Skip to Content

The Weekly News Source for Wyoming's Ranchers, Farmers and AgriBusiness Community

Cattle markets trend upward

by Wyoming Livestock Roundup

The 2022 Cattle Industry Convention and National Cattlemen’s Beef Association (NCBA) Trade Show held in Houston Feb. 1-3 was host to a variety of executive meetings, educational sessions, policy review and awards banquets for those in the beef industry. 

CattleFax, the industry’s leading market and weather analyst, presented their annual U.S. and Global Protein and Grain Outlook Seminar Feb. 2 with positivity. 

According to CattleFax, the cattle cycle, packing expansion and strong demand suggests a stable, profitable year ahead for cattle producers in all segments. 

Cattle cycle

Coming into 2022, the U.S. beef cowherd is down more than 700,000 head from last year.  

“Drought, market volatility and processing capacity challenges affected 30 to 40 percent of the cowherd over the last year,” said CattleFax’s Vice President of Industry Relations and Analysis Kevin Good. “Without an improvement in weather and profitability, at least 250,000 more head will be liquidated in 2022.” 

According to a NCBA release, CattleFax noted feeder cattle and calf supplies will be nearly 675,000 head smaller than 2021, and fed cattle slaughter will decline 400,000 head to 25.7 million. Good explained commercial beef production will continue to contract over the next few years, with a two percent decline forecast to begin in 2022. 

Due to the contracting cycle, Good forecasted the average fed steer price in 2022 at $140 per hundredweight (cwt), up $18 per cwt from 2021. 

All classes of cattle are expected to trade higher: the 800-pound steer price is expected to average $172 per cwt, the 550-pound steer price is expected to average $205 per cwt, utility cows are forecast at an average of $75 per cwt and bred cows are expected to average $1,850 per head.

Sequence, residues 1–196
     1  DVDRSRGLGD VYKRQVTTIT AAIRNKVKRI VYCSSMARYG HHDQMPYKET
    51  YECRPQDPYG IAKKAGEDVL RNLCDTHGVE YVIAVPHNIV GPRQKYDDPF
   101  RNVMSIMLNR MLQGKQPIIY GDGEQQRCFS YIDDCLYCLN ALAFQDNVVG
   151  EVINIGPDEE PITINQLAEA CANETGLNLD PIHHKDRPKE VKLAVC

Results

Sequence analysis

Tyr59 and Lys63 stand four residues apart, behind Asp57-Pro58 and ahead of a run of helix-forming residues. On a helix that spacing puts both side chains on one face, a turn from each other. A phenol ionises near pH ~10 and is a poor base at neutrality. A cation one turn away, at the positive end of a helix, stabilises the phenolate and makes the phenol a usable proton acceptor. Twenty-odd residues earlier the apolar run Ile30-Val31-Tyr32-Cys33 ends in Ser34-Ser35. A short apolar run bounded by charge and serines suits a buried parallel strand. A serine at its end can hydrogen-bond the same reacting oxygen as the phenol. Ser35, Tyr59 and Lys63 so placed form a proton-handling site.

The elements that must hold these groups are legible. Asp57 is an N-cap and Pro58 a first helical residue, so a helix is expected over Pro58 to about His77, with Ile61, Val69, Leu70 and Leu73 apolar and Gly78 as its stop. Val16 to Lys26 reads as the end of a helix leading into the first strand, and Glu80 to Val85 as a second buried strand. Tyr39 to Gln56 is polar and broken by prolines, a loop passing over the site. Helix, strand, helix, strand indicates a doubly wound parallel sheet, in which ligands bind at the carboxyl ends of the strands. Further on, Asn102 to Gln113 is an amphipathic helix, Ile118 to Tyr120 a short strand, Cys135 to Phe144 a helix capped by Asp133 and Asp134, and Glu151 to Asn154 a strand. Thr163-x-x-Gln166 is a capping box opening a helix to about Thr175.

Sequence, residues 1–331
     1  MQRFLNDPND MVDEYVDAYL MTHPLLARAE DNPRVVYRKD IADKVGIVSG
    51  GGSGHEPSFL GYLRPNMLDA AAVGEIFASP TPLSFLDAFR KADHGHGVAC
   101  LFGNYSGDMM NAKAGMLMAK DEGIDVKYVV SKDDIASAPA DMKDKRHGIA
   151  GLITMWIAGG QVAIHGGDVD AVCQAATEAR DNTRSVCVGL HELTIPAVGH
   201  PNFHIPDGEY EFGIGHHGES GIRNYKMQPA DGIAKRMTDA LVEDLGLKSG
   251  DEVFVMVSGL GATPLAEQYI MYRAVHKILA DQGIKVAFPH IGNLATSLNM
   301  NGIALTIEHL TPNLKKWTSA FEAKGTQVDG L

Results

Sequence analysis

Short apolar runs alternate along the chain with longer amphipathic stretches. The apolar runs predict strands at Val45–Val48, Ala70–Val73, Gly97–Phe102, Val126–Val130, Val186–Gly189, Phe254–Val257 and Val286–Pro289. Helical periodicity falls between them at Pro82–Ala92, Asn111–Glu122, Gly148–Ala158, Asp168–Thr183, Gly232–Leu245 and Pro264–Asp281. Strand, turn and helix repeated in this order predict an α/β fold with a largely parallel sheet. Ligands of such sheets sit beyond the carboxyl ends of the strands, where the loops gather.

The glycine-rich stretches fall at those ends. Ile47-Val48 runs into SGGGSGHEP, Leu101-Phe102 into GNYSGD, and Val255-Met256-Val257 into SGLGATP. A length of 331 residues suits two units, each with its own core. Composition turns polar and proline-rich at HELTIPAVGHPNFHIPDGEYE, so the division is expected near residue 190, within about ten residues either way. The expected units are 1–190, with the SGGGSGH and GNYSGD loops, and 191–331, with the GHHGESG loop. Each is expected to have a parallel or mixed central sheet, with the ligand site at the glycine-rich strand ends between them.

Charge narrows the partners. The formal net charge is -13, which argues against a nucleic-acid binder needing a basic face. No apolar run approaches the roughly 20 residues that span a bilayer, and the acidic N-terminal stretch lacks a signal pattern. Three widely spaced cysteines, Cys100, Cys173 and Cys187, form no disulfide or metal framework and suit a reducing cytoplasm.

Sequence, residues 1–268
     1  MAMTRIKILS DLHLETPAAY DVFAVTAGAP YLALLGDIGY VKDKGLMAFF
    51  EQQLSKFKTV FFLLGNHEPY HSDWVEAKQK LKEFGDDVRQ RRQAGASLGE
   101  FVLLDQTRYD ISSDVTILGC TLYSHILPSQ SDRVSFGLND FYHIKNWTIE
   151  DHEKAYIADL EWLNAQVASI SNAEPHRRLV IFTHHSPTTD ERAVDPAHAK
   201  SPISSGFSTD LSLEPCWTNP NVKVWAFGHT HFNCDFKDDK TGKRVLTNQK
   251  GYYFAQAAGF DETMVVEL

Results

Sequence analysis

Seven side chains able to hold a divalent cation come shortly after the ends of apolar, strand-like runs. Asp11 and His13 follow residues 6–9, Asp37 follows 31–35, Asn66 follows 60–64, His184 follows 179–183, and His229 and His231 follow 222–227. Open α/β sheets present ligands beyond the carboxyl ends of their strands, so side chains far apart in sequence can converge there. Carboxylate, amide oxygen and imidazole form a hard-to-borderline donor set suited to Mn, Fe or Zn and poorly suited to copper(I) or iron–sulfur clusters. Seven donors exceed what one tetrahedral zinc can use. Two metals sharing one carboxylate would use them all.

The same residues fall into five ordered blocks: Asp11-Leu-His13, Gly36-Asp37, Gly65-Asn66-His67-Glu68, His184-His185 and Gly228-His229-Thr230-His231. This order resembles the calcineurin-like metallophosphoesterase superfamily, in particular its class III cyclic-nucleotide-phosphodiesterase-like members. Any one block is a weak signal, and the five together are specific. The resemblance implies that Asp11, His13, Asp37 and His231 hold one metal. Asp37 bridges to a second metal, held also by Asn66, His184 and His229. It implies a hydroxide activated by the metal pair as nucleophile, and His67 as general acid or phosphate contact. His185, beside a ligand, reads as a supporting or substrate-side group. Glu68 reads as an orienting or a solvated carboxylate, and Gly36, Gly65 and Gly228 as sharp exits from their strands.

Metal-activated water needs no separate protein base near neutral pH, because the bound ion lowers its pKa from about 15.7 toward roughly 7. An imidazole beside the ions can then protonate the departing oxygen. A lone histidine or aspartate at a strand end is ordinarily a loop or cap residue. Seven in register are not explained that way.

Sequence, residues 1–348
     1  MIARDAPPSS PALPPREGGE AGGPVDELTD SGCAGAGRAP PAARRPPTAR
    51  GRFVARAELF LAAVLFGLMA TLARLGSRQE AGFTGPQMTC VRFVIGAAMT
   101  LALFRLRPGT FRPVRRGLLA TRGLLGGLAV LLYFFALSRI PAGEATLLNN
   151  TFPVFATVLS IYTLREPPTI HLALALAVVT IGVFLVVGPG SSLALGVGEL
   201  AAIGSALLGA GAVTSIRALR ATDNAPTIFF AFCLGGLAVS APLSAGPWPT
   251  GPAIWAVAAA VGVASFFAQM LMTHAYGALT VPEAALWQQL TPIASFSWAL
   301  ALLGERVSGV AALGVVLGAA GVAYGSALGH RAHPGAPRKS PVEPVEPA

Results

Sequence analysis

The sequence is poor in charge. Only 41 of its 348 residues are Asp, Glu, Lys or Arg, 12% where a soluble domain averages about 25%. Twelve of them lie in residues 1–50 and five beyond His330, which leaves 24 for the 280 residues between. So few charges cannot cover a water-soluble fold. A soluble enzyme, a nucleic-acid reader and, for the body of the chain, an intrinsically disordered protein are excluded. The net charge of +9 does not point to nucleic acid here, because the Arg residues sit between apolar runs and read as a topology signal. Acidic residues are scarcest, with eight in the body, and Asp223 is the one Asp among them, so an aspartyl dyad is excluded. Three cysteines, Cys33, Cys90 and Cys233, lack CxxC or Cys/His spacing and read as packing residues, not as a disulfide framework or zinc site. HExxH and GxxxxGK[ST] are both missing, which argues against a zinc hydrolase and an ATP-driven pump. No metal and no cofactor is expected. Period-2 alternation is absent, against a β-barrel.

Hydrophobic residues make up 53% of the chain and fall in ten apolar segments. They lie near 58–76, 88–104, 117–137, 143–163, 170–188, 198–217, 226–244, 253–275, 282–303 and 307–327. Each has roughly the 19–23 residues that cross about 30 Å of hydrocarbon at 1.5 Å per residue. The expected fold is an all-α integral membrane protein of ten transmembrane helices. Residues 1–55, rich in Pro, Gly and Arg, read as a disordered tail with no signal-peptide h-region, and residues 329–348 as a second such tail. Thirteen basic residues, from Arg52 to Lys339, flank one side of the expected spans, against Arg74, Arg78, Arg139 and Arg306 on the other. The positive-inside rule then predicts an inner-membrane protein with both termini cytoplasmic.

Beef demand

CattleFax also highlighted historically high inflation – majorly affecting low-to-middle income American households – driving beef products into higher price ranges. Good noted wholesale demand will likely slow down in 2022, but cutout value should hold a steady $280 per cwt average. 

In addition to local beef demand, U.S. beef exports are expected to grow by five percent in 2022 as global protein demand increases. 

“The tightening of global protein supplies will support stronger U.S. red meat exports in 2022,” Good said. 

Grain outlook

CattleFax Vice President of Research and Risk Management Mike Murphy presented the 2022 grain outlook. 

“Exceptional demand from China is leading U.S. corn exports to new records and expanded interest could easily push exports higher in 2022,” according to Murphy. 

He noted CattleFax forecasts planted corn at 91.8 million acres with an expected yield of 180 bushels per acre in 2022. Soybean planted acres are expected to remain near 87.2 million acres. 

Weather will continue to influence hay prices across the Central Plains and the West as different regions experience some level of drought, noted Murphy. 

“Dec. 1 on-farm hay stocks were down six percent nationally from the previous year at 79 million tons,” Murphy presented. “Expect current year hay prices to average near $186 per ton, $10 higher than 2021 prices due to tighter supplies and stronger demand.” 

Meteorologist Matt Makens shared the La Niña cycle will likely continue this spring, though there is the possibility for change during the summer.

Averi Hales is the editor of the Wyoming Livestock Roundup. Send comments on this article to

Back to top